An autopsy of a hanged body will often reveal neck markings. The nature of these depends on the type of noose. Few or no marks may be found with a noose made of a soft material like bed sheets. A rope or cord noose will, however, leave a deep furrow, often with accompanying abrasions and contusions. Hanging from a high suspension point leaves diagonal marks on the neck like an inverted V, which do not run around the full circumference of the neck. The point where the noose meets the vertical part of the rope is pulled up and away from the body and does not leave a mark on the neck. This can be used to distinguish a hanging from a manual strangulation. However, in a hanging from a low suspension point, the marks on the neck tend to be horizontal rather than diagonal and may look more characteristic of a manual strangulation.

High hangings are more likely to cause death by vagal inhibition, owing to the sudden pressure on the neck. The victim tends to be pale in such cases. A low hanging is more likely to lead to asphyxia and there may be some facial congestion and a purple protruding tongue. Asphyxia in hanging is usually related to the compression of the carotid arteries, rather than blockage of the airways. Petechial hemorrhages, caused by blood leaking from capillaries in the eyes owing to the pressure on the neck, are typical of many strangulations, but not often found in a hanging. Their absence can therefore help distinguish a hanging from other strangulations. The body may also show lividity due to pooling of blood in the legs, forearms, and hands.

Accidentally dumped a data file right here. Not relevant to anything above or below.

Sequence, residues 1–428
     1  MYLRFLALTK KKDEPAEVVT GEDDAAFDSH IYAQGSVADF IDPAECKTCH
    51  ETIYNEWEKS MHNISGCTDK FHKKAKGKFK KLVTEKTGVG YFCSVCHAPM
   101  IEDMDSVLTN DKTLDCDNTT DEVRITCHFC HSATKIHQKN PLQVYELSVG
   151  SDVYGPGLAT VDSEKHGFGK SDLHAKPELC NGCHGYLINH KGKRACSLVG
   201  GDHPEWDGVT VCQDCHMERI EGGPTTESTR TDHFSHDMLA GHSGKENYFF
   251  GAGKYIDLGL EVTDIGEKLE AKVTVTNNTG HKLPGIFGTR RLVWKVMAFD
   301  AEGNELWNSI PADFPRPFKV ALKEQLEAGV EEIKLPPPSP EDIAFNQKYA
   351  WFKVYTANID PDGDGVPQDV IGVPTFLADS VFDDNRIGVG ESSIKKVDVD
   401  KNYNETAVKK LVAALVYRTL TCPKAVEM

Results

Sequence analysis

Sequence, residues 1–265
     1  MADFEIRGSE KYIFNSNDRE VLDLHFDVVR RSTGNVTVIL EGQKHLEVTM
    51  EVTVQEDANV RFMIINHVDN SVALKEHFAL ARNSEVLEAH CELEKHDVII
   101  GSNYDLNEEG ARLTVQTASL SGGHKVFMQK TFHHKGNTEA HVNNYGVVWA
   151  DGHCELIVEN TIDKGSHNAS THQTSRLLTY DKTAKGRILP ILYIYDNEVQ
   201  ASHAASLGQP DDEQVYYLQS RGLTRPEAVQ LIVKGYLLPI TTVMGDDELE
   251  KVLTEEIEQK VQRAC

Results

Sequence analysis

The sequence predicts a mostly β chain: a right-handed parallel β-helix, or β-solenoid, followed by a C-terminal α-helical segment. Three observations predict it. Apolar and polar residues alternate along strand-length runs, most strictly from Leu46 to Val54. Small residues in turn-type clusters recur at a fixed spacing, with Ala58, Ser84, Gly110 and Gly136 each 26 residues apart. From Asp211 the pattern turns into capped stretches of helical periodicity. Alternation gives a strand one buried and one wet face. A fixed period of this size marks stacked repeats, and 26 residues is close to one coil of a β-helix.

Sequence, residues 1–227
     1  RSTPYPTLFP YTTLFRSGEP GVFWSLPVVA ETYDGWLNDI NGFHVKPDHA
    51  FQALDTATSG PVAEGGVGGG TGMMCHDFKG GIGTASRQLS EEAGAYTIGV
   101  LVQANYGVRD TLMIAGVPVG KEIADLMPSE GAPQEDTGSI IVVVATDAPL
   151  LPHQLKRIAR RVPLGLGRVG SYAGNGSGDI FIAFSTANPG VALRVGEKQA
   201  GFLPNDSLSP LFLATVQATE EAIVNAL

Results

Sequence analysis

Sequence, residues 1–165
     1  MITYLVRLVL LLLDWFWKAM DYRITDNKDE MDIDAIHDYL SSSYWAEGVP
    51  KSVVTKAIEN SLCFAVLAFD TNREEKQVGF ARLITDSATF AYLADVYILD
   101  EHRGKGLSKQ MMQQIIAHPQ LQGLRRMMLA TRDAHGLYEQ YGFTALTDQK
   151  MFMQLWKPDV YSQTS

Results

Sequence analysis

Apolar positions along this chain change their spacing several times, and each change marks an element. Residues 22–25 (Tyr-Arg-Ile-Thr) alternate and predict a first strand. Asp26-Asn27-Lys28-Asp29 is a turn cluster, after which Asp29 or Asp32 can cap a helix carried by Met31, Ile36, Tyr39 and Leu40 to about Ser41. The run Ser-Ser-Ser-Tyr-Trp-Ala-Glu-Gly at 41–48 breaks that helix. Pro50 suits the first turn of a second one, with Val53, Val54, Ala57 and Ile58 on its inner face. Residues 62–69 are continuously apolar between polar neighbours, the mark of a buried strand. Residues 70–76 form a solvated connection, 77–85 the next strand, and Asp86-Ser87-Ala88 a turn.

In judicial execution by hanging, the body usually drops several feet, which causes disruption of the cervical vertebrae, which are the spinal bones in the neck. The cause of death, if the execution if correctly carried out, is disruption of the spine rather than asphyxia. Fractures of the cervical vertebrae are not often seen in suicidal, homicidal, or accidental hangings, unless the body has dropped through some distance.

In cases of suspected hanging, the pathologist will also carry out a toxicological analysis of the body. Drugs or alcohol sometimes play a role in hanging. It is not an easy form of homicide and a perpetrator may try to "knock out" or subdue the victim before applying the noose. In cases of suicide, the victim may drug himself or herself in an attempt to summon up the courage to carry out the act.

see also Asphyxiation (signs of); Knots and ligatures.

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Hanging

HANGING